Chernobyl Fatalities and the Challenges of Expert Judgment
ENERGY, 16 May 2016
10 May 2016 – Preparedness for and response to a nuclear emergency are in large part technical, physical undertakings. They involve equipment such as pumps, generators, containment vessels, and helicopters. But they aren’t just technical. Preparedness and response also involve, as my roundtable colleague Manpreet Sethi has pointed out, sophisticated legal instruments and organizational capacities. Moreover, as noted in the section for readers’ comments, preparedness and response involve sophisticated regulatory and training abilities.
But no matter how many international conventions a nation has ratified, and no matter how flexible (or inflexible) its approach to beyond design-basis accidents, critical decisions during an actual emergency ultimately rest with a plant’s staff—and on the staff’s judgment of the emergency’s magnitude. As a disaster progresses, judgment evolves. Experts shift their views on the disaster’s severity and its potential consequences. They discover entanglements between systems that had previously been thought unrelated.
All this hampers the sort of communication for which Sethi called in Round One—that is, effective communication during an emergency. Sethi, discussing the delays in communicating accurate information that accompanied both Chernobyl and Fukushima, wrote that “public officials [during an emergency] must have quick access to informed scientific opinion and expert judgment so they can make good decisions in extreme time pressure.” Officials must be able, Sethi argues, to classify an accident’s severity swiftly and correctly. But one problem with severe accidents is that it’s typically very difficult, for officials and experts alike, to assess quickly and accurately just how bad things really are. Accurate classification may be impossible while a disaster is still unfolding—or rather, a disaster might deserve different classifications as it evolves.
The real challenge, then, may lie in communicating information that is incomplete, or imperfectly understood, and in making decisions based upon such information. Though Sethi’s “informed scientific opinion and expert judgment” are absolutely critical in an emergency, they are not infallible.
An area in which expert judgment is truly crucial—and at the same time hotly contested—concerns the medical consequences of nuclear disasters. In Round One Augustin Simo reported Chernobyl’s death toll so far as about 56. Sethi provided a similar figure (though she acknowledged that deaths may go higher in the long term). Both authors presented these figures as evidence that the nuclear industry is safe enough. Implicit in their arguments were comparisons to fatalities associated with more mundane activities—for example, about 90 people in the United States die every day in car, truck, and motorcycle crashes. It’s always tempting to make comparisons when high-risk technologies such as nuclear energy are examined. But comparisons of this kind suffer from a twofold problem.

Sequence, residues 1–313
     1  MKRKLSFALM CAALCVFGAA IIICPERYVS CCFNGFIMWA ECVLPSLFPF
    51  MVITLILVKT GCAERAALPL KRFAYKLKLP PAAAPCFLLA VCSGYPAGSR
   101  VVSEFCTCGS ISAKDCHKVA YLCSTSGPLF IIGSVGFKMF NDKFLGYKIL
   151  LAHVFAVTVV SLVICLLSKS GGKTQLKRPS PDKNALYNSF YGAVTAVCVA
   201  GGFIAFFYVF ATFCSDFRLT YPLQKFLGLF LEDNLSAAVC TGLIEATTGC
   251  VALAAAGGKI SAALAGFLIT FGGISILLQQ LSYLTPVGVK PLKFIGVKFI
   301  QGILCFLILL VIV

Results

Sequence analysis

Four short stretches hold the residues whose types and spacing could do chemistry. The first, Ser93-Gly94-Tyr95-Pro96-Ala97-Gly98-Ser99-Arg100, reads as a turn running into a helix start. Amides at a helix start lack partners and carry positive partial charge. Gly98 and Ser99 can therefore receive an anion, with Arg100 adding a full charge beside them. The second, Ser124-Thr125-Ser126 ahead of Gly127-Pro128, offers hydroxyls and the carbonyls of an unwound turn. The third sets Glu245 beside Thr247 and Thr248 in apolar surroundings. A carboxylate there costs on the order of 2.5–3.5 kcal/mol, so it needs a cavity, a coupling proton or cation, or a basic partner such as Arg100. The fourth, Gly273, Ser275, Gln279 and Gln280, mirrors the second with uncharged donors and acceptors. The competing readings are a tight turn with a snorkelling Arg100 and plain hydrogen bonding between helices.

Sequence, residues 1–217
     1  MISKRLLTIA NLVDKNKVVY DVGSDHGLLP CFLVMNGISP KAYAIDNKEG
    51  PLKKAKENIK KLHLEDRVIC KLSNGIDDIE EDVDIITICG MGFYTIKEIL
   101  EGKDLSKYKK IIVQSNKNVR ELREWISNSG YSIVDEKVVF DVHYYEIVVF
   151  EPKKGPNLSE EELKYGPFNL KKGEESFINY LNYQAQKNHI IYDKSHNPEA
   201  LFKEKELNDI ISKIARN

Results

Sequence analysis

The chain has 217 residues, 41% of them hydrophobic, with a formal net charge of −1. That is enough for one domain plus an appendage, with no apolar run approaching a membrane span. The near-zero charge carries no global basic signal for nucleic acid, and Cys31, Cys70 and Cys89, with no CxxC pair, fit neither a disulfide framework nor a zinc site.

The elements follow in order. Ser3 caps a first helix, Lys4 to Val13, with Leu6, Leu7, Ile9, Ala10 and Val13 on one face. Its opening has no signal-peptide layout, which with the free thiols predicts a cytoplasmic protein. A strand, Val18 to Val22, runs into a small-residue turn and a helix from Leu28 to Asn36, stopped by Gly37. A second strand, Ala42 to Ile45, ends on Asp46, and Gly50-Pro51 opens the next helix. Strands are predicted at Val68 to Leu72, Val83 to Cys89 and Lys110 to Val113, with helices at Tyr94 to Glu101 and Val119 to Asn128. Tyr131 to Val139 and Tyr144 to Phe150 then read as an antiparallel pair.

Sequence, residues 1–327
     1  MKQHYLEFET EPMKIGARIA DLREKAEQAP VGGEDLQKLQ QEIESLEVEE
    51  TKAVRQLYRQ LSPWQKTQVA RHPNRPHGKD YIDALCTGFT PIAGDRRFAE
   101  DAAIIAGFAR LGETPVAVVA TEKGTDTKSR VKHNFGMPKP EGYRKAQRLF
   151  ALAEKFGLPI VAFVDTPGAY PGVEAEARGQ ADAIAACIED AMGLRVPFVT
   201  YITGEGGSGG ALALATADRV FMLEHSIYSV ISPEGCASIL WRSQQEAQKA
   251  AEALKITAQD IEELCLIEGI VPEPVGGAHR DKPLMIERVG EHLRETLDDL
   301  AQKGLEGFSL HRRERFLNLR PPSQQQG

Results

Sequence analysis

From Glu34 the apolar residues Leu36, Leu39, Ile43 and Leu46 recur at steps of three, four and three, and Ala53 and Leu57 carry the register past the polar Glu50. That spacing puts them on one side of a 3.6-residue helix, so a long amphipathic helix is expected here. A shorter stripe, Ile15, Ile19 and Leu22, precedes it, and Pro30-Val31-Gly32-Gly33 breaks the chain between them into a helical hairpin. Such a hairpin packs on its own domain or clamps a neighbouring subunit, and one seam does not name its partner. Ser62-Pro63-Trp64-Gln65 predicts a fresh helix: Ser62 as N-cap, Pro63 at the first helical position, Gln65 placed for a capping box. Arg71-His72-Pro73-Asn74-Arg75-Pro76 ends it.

First, a nuclear disaster’s death toll will typically be a hugely controversial subject. A 2005 report on Chernobyl fatalities by the World Health Organization and several other agencies predicted that “up to 4,000 people could eventually die of radiation exposure.” But a 2006 Greenpeace report challenged these numbers, estimating that the disaster would turn out to cause 250,000 cancers, nearly 100,000 of them fatal. What these vastly diverging estimates demonstrate is how incredibly tricky it is to attribute delayed deaths to specific causes. Indeed, the international community has accepted only a single direct causal connection between Chernobyl and cancer—involving thyroid cancer in children. Even this limited acceptance, argues the University of Pittsburgh’s Olga Kuchinskaya in her brave book The Politics of Invisibility, is only due to the efforts of Belarusian scientists, who are increasingly marginalized in their own country.
Second, deaths are not the only consequences of disasters, whether nuclear or otherwise. The trauma of experiencing an emergency, the stress of undergoing (temporary) evacuation, or even Simo’s “phobia about nuclear energy” (whether or not the phobia is justified)—all these can cause physiological and mental health effects no less debilitating than cancer. That is, fatalities are not the only legitimate negative consequence of nuclear accidents. Even cancers in remission can be more consequential than they sound—”curing” thyroid cancer often subjects patients to surgical removal of the thyroid and a life-long regimen of substitution therapy.
As the uncertainty over Chernobyl’s death toll illustrates, “scientific opinion” is not always unanimous, and neither is “expert judgment.” Scientific expertise is not immune to controversy. And expert judgment changes over time.
Sonja Schmid is an associate professor in Science and Technology Studies at Virginia Tech. Her expertise is in the history of technology, science and technology policy, and social studies of risk. Fluent in Russian, she investigates the history and organization of nuclear industries in the former Soviet Union and Eastern Europe and studies the way national energy policies, technological choices, and nonproliferation concerns shape each other. In a current project funded by a National Science Foundation CAREER Award, she is investigating the challenges of globalizing nuclear emergency response. She is the author of Producing Power: The Pre-Chernobyl History of the Soviet Nuclear Industry.
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